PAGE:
In the aftermath of the Food & Drug Administration easing the ban on blood donations from gay and bisexual men, California Attorney General Xavier Becerra is leading a group of 19 states in calling for further changes to the policy.
In a letter dated April 22 to Assistant Secretary of Health Brett Giroir, the attorneys general say the Trump administration's new policy — which requires men who have sex with men to be abstinent for three months before making a donation — is a positive step, but "doesn't go far enough."
"The discriminatory restrictions against blood donations by healthy gay and bisexual Americans have persisted for far too long; the steps you have taken acknowledge current rules are informed more strongly by bias than science," the letter says.
The attorneys general call for a risk-based approach as opposed to a deferral period for men who have sex with men. Further, they call on the FDA to clarify the new policy doesn't bar MSM from donating convalescent plasma to their loved ones.
"During this pandemic, it is important to continue to evaluate and modernize blood donation guidance to be inclusive of LGBTQ Americans," Becerra said in a statement. "A risk-based model not only protects the health and safety of our communities – it's the right thing to do."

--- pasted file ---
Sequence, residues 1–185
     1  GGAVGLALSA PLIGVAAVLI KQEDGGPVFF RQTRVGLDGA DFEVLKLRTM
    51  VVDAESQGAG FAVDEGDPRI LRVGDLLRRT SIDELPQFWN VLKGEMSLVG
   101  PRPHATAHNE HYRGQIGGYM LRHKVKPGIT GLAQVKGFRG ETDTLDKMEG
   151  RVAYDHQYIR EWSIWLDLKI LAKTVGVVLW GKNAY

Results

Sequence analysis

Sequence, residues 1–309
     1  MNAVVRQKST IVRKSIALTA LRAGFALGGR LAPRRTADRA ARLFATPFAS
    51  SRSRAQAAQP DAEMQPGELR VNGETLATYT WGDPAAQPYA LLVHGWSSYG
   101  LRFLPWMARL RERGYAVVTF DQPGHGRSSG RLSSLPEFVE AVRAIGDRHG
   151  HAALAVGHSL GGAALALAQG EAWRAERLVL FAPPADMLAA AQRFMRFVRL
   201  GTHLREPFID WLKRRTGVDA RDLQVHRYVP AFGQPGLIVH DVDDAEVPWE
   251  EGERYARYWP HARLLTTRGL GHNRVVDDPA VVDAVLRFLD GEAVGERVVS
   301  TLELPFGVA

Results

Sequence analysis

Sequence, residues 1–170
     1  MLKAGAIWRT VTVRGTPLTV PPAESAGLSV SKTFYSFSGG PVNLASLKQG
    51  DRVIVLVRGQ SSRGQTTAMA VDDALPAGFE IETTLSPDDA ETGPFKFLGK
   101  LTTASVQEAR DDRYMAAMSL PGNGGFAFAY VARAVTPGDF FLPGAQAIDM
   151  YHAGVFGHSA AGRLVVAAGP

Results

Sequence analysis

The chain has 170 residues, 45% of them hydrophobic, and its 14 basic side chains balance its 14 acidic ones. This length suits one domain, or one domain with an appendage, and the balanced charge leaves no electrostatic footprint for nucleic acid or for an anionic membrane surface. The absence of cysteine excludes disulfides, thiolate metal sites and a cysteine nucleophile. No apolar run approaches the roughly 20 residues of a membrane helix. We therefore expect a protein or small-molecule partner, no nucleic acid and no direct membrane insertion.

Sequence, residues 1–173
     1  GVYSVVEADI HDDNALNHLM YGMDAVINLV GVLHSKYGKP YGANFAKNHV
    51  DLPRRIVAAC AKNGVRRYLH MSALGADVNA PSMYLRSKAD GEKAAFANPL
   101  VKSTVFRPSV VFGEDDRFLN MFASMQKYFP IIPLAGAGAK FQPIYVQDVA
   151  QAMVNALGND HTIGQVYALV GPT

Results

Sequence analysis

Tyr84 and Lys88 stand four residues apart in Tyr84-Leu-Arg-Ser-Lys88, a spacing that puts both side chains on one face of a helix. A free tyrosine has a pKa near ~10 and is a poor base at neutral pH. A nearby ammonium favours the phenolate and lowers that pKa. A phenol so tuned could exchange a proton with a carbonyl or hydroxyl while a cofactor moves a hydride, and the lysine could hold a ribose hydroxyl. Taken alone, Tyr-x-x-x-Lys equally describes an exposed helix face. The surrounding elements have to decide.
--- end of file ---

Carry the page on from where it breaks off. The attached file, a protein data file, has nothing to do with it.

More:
Last month, the FDA amid the blood shortage during the coronavirus crisis —as well as vocal pressure from LGBTQ advocates — changed its policy to ease restrictions on blood donations, including gay and bisexual men.
While the previous policy, established in 2015, required a 12-month period of abstinence for men who have sex with men to make a blood donation, the new policy requires a shortened deferral period of 3 months. Before 2015, the FDA had a lifetime ban on men who have sex with men.
A risk-based approach and a shortened deferral period, the attorneys general write, is feasible based on other countries to approach to LGBTQ blood donations. In Mexico, a lifetime ban on MSM in 2012 was replaced with a screening tool for "risky sexual practices."
The attorneys general also point to gender-neutral policies in Spain, Italy and Portugal. According to the letter, Italy lifted its deferral period for MSM who donate blood in 2001 and replaced it with a process in which all donors are deferred for four months from last sexual contact with a new sexual partner or for occasional sexual contact with a partner with an unknown risk behavior.
In terms of legal arguments, the attorneys general write the current policy could violate equal protections and due process protections under the U.S. Constitution. The current deferral policy, they write, if challenged in court would be subjected to heightened scrutiny as a sex-based policy.
The Washington Blade has placed a request in with the Department of Health & Human Services seeking comment on the letter.
This article originally appeared in the Washington Blade and is made available in partnership with the National LGBT Media Association.